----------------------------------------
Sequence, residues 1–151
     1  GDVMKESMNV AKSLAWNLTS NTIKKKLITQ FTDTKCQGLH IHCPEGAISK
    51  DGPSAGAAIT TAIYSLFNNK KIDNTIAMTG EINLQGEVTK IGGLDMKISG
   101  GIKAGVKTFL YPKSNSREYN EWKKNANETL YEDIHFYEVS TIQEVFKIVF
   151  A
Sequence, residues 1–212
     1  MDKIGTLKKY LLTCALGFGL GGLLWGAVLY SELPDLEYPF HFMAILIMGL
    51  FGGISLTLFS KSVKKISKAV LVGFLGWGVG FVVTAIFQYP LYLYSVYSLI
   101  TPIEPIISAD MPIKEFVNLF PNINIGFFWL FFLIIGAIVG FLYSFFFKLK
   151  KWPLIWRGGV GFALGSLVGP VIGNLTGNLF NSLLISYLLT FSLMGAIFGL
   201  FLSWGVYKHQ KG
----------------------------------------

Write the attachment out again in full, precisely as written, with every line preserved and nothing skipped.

Sequence, residues 1–151
     1  GDVMKESMNV AKSLAWNLTS NTIKKKLITQ FTDTKCQGLH IHCPEGAISK
    51  DGPSAGAAIT TAIYSLFNNK KIDNTIAMTG EINLQGEVTK IGGLDMKISG
   101  GIKAGVKTFL YPKSNSREYN EWKKNANETL YEDIHFYEVS TIQEVFKIVF
   151  A
Sequence, residues 1–212
     1  MDKIGTLKKY LLTCALGFGL GGLLWGAVLY SELPDLEYPF HFMAILIMGL
    51  FGGISLTLFS KSVKKISKAV LVGFLGWGVG FVVTAIFQYP LYLYSVYSLI
   101  TPIEPIISAD MPIKEFVNLF PNINIGFFWL FFLIIGAIVG FLYSFFFKLK
   151  KWPLIWRGGV GFALGSLVGP VIGNLTGNLF NSLLISYLLT FSLMGAIFGL
   201  FLSWGVYKHQ KG